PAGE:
In the 19th and 20th centuries Germans formed one of Cleveland's largest nationality groups. They began arriving here in substantial numbers during the 1830s, after the canals were built. The first German settlements were built along Lorain Street in Brooklyn and along Superior and Garden (Central Ave.) Streets on the east side. Succeeding generations have lived among the rest of the city's population.
Between 1840 and 1846 Cleveland's population grew from 6,000 to 10,000. One third of this growth was due to immigrants arriving from Germany. By 1848-49, the German-born population reached 2,590 (60 less than the total of all other foreign-born residents). German immigrants remained the largest ethnic group arriving in the city until the mid-1890s. By 1900, more than 40,000 Germans resided in Cleveland. Immigration continued into the twentieth century, but on a smaller scale. German culture and customs in Cleveland have been preserved both in Gemuetlichkeit (public festivity) and German clubs.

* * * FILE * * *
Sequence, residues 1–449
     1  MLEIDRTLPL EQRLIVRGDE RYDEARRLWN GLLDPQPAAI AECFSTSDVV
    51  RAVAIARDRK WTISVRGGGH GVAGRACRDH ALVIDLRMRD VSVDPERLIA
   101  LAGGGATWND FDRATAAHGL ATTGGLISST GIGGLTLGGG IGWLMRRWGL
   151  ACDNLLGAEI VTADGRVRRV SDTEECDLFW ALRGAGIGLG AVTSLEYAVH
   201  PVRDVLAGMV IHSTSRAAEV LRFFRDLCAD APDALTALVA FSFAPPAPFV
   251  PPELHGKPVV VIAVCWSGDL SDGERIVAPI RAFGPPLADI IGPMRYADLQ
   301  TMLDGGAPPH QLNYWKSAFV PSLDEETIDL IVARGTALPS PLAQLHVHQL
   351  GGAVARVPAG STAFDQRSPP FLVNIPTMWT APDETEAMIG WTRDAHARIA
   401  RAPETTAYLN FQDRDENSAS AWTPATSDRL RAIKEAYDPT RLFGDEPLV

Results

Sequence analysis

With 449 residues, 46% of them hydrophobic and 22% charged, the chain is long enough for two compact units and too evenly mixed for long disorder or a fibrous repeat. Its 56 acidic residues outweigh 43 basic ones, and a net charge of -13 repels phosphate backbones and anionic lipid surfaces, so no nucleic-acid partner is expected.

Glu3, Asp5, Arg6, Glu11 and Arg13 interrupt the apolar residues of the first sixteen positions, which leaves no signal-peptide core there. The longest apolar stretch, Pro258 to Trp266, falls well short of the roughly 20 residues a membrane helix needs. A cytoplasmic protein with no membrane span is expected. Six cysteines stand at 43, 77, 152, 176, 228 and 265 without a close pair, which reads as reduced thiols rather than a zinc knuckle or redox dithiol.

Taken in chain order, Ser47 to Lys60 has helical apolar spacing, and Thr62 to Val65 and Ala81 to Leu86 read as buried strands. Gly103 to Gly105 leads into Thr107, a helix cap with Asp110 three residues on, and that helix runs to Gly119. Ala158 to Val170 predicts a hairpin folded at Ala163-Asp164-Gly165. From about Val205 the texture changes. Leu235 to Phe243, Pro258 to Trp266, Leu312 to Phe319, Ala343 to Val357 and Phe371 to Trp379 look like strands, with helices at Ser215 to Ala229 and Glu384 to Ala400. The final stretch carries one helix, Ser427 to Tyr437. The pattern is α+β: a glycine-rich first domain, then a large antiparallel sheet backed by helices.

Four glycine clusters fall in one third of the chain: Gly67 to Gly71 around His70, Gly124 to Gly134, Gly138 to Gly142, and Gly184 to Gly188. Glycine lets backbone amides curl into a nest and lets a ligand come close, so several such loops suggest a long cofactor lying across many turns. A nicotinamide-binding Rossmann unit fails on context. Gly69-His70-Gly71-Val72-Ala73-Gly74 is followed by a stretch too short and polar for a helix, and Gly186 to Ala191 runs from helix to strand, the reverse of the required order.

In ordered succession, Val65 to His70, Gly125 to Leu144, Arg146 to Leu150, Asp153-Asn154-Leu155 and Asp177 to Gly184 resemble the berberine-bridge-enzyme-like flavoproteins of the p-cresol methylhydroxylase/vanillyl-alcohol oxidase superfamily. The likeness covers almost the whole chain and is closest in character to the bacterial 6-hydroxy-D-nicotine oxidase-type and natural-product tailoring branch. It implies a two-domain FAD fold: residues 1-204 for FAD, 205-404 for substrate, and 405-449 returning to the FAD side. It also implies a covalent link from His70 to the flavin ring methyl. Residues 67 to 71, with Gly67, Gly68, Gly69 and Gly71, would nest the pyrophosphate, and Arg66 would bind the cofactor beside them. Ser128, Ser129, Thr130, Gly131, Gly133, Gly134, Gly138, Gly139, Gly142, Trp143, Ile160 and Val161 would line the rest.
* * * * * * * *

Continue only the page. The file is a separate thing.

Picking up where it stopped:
Clara Lederer writes that "The Cultural Gardens fountain, stone walks and double lateral sections of linden alleys center about an impressive bronze two-figure statue of Johann Wolfgang Goethe (1749-1832) and Friedrich von Schiller (1759-1805), Germany's greatest two poet-philosophers. The statue is a replica of the famous Weimar statue, modeled in 1856 by Ernest Reitschal, the Dresden sculptor. Here tower the two mighty figures, joined in friendship as they were in life, and grandly dominate the spacious and imposing German Garden. The garden is entered at the upper Boulevard level through a triple-arched ornamental iron gate. The German Cultural Garden was dedicated on June 2, 1929, as part of a week-long celebration commemorating the Lessing-Mendelssohn Bi-centennial. The Lessing bust was unveiled at this time, and the Goethe-Schiller statue, which formerly had stood in Wade Park, was rededicated in its new place of honor in the German Garden."
The garden also commemorates other German heroes with plaques, busts, a gate and fountain. Among the many figures honored are naturalist and explorer Alexander von Humboldt (1769-1859), composers Johann Sebastian Bach (1685-1750) and Ludwig Van Beethoven (1770-1827), and artist and theorist Albrecht Durer (1471-1528).